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Study finds older drugs responsible for surging prescription costs

Researchers say drug companies raise prices because they can in many cases

Photo (c) Charles Wollertz - Getty Images
In 2015, Turing Pharmaceuticals became the target of public rage when it purchased an old drug, Daraprim, and immediately raised the price of the drug from $13.50 a tablet to $750 a pill.

It turns out that might not have been an isolated example.

Researchers at the University of Pittsburgh found that new drugs entering the market do tend to push the average cost of a prescription higher, but drug companies are also hiking the price of older medications.

In fact, in their study published in the January issue of Health Affairs, the researchers suggest older, existing drugs account for most of the overall increase in the cost of prescription drugs.

“It makes sense to pay more for new drugs because sometimes new drugs are more effective, safer or treat a new disease you didn’t have a treatment for,” said Inmaculada Hernandez, Ph.D., an assistant professor at Pitt and lead author of the study. “But the high year-over-year increases in costs of existing products do not reflect improved value.”

Same drug, higher price

In other words, consumers are paying more for drugs -- sometimes a lot more -- but it’s the same drug as before. It hasn’t changed and it’s not in any way “new and improved.”

The researchers found these existing drugs increased in price about 9 percent each year, nearly five times the rate of inflation. The price of brand name injectables rose nearly twice as much.

A case in point is Sanofi’s Lantus brand insulin, which had increased in price by 49 percent in 2014. At the time, Lantus had been on the market for more than a decade.

“These types of insulin have been around for a while,” Hernandez said. “Whereas the original patent for Lantus expired in 2015, dozens of secondary patents prevent competition, and it is this lack of competition that allows manufacturers to keep increasing prices much faster than inflation.”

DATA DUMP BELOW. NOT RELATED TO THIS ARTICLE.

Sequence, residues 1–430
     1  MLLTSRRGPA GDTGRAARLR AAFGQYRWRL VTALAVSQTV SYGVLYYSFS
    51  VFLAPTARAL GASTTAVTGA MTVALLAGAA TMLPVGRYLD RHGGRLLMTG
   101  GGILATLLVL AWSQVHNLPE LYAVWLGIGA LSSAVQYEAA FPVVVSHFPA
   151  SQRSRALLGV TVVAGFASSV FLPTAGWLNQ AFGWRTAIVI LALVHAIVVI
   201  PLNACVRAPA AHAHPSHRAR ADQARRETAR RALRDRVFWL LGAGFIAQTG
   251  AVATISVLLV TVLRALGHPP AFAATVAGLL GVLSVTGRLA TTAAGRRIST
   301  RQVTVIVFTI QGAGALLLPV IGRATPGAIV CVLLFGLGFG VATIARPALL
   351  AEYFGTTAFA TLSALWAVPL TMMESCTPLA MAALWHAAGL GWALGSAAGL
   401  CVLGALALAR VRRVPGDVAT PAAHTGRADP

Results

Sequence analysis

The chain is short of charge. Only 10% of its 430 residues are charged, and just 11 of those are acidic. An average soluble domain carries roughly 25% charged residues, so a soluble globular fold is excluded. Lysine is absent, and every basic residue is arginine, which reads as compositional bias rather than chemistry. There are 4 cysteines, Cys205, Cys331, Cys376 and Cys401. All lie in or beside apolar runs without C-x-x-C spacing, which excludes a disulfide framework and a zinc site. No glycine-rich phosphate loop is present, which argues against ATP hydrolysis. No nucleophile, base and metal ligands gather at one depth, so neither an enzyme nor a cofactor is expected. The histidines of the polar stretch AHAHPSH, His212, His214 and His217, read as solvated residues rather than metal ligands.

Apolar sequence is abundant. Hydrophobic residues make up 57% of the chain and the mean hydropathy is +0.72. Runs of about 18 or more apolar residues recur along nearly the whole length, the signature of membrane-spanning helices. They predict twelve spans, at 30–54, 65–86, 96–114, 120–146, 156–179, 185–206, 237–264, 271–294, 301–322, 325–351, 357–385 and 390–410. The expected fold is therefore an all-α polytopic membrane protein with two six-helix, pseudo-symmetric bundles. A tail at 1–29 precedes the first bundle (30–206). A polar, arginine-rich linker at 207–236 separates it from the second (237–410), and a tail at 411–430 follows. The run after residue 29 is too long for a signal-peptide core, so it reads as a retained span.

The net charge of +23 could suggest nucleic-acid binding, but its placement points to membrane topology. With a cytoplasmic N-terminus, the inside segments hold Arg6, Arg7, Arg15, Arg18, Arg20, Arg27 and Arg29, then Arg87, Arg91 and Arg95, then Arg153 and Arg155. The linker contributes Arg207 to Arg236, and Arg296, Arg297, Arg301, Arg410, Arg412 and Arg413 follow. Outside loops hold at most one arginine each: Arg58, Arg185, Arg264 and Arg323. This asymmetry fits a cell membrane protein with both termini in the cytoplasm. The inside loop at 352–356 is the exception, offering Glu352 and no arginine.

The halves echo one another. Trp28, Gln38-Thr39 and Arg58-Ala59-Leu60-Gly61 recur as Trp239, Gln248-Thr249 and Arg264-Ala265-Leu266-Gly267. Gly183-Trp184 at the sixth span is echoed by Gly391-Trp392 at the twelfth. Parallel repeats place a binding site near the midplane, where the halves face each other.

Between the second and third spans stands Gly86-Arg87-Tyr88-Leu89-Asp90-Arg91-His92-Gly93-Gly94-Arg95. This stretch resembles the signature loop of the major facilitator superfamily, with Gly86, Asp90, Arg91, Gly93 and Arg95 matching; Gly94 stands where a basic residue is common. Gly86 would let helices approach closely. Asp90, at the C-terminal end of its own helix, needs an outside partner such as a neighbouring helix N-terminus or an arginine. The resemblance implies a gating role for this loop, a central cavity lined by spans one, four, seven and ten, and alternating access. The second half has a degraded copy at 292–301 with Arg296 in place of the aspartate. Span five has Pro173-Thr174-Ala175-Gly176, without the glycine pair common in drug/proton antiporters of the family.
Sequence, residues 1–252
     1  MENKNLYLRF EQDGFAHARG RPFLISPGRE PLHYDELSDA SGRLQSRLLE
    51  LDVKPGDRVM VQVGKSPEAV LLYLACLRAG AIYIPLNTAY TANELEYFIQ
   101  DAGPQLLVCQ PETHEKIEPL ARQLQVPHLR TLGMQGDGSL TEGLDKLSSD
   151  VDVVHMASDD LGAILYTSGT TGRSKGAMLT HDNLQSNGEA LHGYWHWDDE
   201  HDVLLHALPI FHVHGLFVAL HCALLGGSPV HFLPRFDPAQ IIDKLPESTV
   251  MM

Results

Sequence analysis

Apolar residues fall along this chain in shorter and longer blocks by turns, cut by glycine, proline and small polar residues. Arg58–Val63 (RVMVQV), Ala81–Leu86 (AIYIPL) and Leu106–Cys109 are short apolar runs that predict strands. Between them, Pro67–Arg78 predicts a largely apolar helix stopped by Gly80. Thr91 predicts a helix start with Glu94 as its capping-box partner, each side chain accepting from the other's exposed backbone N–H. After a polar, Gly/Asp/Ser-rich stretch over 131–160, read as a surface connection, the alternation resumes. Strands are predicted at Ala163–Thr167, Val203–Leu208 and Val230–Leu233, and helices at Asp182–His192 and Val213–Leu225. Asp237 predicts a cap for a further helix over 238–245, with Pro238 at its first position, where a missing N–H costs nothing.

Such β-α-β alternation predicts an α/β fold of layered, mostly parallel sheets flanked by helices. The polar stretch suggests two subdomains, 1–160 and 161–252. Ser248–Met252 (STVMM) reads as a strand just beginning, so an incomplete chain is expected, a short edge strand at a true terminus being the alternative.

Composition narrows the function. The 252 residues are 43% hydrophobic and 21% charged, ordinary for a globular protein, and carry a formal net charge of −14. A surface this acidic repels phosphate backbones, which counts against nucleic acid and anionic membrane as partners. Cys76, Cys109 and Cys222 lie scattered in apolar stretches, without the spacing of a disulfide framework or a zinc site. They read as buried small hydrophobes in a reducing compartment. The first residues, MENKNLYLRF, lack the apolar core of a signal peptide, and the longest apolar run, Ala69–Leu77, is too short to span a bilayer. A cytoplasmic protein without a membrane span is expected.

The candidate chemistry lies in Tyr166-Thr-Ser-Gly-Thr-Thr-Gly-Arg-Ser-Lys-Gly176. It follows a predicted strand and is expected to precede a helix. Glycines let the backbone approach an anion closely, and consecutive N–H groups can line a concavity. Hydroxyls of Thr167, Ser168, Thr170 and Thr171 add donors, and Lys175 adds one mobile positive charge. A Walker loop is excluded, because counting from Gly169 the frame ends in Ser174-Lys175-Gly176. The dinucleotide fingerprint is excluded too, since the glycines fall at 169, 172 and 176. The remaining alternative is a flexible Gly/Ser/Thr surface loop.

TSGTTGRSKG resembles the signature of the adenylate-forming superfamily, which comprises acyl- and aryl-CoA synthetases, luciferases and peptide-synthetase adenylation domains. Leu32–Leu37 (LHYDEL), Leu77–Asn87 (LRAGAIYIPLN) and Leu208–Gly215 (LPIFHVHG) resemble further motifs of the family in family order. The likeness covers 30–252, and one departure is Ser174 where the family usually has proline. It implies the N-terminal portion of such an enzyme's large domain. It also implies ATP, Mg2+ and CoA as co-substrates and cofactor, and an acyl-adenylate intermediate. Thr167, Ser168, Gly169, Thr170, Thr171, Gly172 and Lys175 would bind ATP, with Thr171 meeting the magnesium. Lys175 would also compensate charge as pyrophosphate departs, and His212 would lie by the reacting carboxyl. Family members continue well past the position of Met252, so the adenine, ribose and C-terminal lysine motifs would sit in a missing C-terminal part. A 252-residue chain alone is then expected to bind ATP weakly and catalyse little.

Looking out for shareholders

Another factor may also be at work. Last year, Nirmal Mulye, CEO of a small pharmaceutical company called Nostrum, raised eyebrows when he defended his company's decision to raise the price of nitrofurantoin from $474.75 to $2,392. Nitrofurantoin is a drug that is highly effective at treating lower urinary tract infections.

In an interview with the Financial Times, Mulye noted that one of his competitors had just raised the price on a similar drug by a similar amount.

“I think it is a moral requirement to make money when you can . . . to sell the product for the highest price,” Mulye told the publication.

The price of prescription medication is one issue on which both Democrats and the White House may find common ground. Then-candidate Donald Trump was vocal in his criticism of drug companies during the 2016 presidential campaign, and he has continued to call out individual pharmaceutical companies during his presidency.

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